A panel charged with overhauling the state's approach to better health agreed Tuesday to urge Gov. Kathleen Sebelius to insure more children in low-income families, make routine dental care available to the poor and fight childhood obesity.
The Kansas Health Policy Authority also planted the seed for expanding the state's Medicaid program to include thousands of adults whose hospital and emergency room bills are written off as uncollectible.
"These are some rather bold initiatives," said Sheldon Weisgrau, a senior analyst at the Kansas Health Institute, a health policy think tank.
In Kansas, adults who earn more than $3,626 a year are not eligible for Medicaid unless they're pregnant or disabled.
The state's eligibility threshold - 37 percent of the federal poverty guideline - is among the nation's lowest.
The health authority proposed raising the threshold to $9,800 by July 1, 2008.
Plans call for the health authority filing nine recommendations with the state budget office by Sept. 15.
Whether the governor includes the initiatives in the budget she'll send to the 2007 Legislature remains to the seen.
News of the recommendations irked Rep. Brenda Landwehr, R-Wichita.
"These are all nice, warm fuzzies," she said. "But how are we going to pay for them? It's easy to hand out other people's money."
Landwehr, a conservative, helped craft the legislation that created the authority.
"I'm disappointed," she said, noting that many of the proposals are open-ended and could end up costing the state more than projected.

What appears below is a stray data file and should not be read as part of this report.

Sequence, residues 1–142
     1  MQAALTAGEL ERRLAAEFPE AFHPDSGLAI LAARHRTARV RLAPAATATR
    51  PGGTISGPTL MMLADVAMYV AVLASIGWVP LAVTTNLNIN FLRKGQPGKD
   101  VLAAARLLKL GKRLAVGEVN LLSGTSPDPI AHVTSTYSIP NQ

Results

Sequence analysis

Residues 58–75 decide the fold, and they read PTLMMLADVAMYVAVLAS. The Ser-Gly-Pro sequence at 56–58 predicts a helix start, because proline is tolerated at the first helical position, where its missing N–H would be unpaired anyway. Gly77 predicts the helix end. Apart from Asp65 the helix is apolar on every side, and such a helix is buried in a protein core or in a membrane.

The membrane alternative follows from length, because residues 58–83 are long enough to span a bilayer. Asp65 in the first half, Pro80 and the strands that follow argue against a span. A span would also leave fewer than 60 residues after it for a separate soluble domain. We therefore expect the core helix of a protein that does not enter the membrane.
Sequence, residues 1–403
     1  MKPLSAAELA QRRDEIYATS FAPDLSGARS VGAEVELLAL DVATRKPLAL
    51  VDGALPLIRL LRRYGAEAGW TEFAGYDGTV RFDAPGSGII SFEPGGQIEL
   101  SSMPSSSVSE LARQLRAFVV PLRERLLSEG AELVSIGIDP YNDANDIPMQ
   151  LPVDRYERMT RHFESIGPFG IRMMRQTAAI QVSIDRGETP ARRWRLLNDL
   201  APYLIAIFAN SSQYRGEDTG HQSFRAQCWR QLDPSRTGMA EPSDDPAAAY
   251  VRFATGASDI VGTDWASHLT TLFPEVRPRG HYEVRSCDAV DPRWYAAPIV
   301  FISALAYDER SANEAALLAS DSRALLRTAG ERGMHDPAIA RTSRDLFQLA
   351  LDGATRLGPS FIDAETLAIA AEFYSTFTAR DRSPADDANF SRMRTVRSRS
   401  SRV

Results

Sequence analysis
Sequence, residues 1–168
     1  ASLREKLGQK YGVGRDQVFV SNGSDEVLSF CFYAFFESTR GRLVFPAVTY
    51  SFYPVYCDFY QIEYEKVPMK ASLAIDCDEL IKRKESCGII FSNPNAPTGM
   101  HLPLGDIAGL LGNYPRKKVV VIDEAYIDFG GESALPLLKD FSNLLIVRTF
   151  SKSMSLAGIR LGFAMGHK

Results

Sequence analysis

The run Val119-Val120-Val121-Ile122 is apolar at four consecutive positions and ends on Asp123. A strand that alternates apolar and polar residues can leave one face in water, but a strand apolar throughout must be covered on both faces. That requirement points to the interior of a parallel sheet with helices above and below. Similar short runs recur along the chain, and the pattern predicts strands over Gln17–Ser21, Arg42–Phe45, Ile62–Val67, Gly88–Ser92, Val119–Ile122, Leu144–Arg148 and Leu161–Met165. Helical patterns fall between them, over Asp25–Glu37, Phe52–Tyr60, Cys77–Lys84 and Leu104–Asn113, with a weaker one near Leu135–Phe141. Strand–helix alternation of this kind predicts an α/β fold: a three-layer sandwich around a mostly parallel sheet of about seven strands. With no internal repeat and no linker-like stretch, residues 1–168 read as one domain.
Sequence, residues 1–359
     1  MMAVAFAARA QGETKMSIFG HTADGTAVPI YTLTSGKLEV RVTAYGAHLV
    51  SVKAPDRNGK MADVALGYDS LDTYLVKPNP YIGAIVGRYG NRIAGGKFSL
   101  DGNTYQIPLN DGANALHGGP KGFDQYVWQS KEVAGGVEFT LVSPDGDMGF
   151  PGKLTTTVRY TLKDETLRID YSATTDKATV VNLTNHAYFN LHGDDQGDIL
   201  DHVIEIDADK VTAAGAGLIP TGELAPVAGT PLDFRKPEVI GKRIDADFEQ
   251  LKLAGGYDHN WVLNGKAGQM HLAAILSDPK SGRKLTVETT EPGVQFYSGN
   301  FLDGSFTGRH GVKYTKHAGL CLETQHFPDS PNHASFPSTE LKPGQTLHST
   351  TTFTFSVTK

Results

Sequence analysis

Authority member Ray Davis, a health policy professor at Kansas University, disagreed.
"I'd say the actions taken today were in concert with what the Legislature instructed the authority to do - take responsibility for state health programs and make them efficient, good and accessible."
The initiatives proposed for next year include:
¢ Extending the state's HealthWave insurance program to cover children ages 5 and under in families earning less than 300 percent of the poverty level, or $49,800 for a family of three. The cost would be an additional $4 million.
Sebelius introduced a similar measure earlier this year, only to see it defeated in the Legislature.
¢ Adding regular dental care to the list of services available to adults on Medicaid.
Currently, Medicaid covers only emergency dental care for adults. Adding regular dental care coverage would cost the state $3.5 million per year.
¢ Adding obesity counseling to the list of covered services for children on Medicaid.
Studies have found that children on Medicaid are nearly six times more likely to be obese than children covered by private health insurance.
Covering obesity counseling would cost the state almost $600,000 per year.
The nine-member authority assumed oversight of most of the state's Medicaid programs - payments to doctors, hospitals and pharmacies, mostly - and its insurance programs for state employees and uninsured children.